Jim Thome wants to be a manager

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Jim Thome hasn’t officially announced his retirement yet, but the 43-year-old joined the White Sox front office as a special assistant to general manager Rick Hahn.

That gig involves going to spring training to work with players beginning next week, but looking beyond that Thome told Daryl Van Shouwen of the Chicago Sun Times that he wants to be a manager some day:

Ultimately, I would love to get back on the field. Last year was so nice to be at home with my kids, watching my son play T-ball and taking my daughter to school every morning, and I love it. But I will say I do miss the game because I am a competitor. You can’t play forever, but the love of the game never leaves your soul. …

I want to look at what the next phase is for me getting back on the field, competing at a high level. There is a side to me that wants to manage someday and prepare myself for it if that opportunity came calling. I’d want to be ready.

Thome played 22 seasons for six different teams and was the most popular person in the clubhouse at every stop among teammates and media members alike, so his transitioning to coaching–and eventually perhaps managing–seems like an obvious fit.

Adrian Beltre cleared for extended spring training

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Adrian Beltre has been on the disabled list all year because of nagging right calf strain, but he’s about to take a big step toward getting back to action.

Beltre has been cleared to begin playing in extended spring training games. He’ll commence them tomorrow at the Rangers facility in Surprise, Arizona. After three games the team’s doctors will reevaluate him. If things go well, he’ll likely be sent off for a full minor league rehab assignment.

Joey Gallo has filled in for Beltre all season, bringing a lot of power but not much else to the table. While Beltre is 38, his all-around game would be welcomed back on the field and his leadership would be welcomed back in the Rangers clubhouse. On a personal note, Beltre is only 58 hits shy of 3,000 for his career.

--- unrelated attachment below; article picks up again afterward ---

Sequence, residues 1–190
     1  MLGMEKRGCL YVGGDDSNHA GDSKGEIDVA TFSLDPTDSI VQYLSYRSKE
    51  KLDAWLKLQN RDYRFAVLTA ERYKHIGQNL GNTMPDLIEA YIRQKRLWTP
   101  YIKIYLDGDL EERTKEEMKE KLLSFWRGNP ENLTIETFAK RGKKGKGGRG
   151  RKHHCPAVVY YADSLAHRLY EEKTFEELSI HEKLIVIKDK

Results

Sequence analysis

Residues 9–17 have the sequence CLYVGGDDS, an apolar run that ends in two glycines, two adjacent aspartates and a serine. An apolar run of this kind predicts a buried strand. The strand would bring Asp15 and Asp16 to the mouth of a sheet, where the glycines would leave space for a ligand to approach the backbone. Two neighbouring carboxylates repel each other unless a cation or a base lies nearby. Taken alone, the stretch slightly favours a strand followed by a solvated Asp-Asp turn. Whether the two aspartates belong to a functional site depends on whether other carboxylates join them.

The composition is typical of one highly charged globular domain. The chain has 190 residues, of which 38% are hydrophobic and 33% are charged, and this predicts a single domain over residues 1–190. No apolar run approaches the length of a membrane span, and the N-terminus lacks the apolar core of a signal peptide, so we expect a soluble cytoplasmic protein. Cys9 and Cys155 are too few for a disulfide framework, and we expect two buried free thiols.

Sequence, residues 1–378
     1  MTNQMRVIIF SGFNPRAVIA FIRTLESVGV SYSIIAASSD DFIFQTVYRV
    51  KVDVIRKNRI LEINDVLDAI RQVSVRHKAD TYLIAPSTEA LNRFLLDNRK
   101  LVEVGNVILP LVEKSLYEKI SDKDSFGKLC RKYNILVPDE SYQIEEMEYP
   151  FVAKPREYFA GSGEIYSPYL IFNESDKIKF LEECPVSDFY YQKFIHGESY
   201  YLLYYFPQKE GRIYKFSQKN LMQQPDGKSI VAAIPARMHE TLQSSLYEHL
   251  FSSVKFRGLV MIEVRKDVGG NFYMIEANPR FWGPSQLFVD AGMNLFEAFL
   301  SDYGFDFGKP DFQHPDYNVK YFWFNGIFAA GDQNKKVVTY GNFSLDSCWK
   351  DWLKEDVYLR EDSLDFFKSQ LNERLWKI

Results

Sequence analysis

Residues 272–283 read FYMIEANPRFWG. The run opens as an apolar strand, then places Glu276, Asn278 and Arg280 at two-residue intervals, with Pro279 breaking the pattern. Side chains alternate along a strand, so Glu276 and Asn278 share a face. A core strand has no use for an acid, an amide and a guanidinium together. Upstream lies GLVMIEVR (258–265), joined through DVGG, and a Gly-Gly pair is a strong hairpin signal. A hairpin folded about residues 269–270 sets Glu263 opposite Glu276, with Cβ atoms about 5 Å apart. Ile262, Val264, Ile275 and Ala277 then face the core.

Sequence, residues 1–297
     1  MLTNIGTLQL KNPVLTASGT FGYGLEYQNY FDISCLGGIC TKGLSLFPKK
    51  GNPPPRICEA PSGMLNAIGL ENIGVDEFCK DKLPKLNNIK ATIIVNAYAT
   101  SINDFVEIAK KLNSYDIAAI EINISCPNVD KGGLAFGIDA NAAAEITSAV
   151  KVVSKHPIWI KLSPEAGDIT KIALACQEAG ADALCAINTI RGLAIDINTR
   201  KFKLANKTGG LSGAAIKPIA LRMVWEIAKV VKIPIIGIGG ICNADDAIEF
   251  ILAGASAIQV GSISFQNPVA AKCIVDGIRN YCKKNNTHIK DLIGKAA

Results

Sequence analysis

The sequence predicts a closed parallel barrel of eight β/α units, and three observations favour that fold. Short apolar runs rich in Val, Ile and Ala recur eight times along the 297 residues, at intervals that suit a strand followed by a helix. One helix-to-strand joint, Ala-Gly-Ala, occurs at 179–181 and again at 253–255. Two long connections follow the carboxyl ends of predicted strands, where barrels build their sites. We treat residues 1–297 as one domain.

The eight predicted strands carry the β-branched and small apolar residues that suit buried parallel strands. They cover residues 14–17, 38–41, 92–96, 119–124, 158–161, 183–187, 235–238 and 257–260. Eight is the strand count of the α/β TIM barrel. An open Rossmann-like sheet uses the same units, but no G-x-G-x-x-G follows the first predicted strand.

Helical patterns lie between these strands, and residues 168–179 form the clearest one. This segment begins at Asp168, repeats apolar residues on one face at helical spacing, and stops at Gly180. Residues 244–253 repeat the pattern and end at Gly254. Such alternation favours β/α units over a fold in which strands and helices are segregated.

Barring a setback, he’ll be back with the big club in early June and will hit the milestone eventually.

Michael Bourn opts out of his minor league deal with the Orioles

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Outfielder Michael Bourn was traded by the Diamondbacks to the Orioles late last season and hit a solid .283/.358/.435 in 55 plate appearances with them through the end of the season. While that’s not enough to outweigh the miserable season he had in Arizona, it was enough to get the O’s to give him a look in spring training with a minor league deal. They signed him to one in late February.

Then, a couple of days later, Bourn broke his finger while playing catch with a football. Unable to play, the O’s cut him. In early April, once Bourn healed, the O’s signed him again. He played 11 games for their Triple-A affiliate and went 9-for-41 with ten walks in 51 plate appearances. While that makes for a decent OBP, his lack of any sort of pop or good contact suggests that if someone throws him strikes, he can’t do much with the ball.

As such, the O’s had not called him up to Baltimore. And as a result of that, Bourn exercised his opt-out rights and became a free agent.

Someone may take a look at him given that his batting eye seems to be intact and given that, in an admittedly small sample size, he still performed last season. But if he does get a look, it’ll likely be back at the minor league level.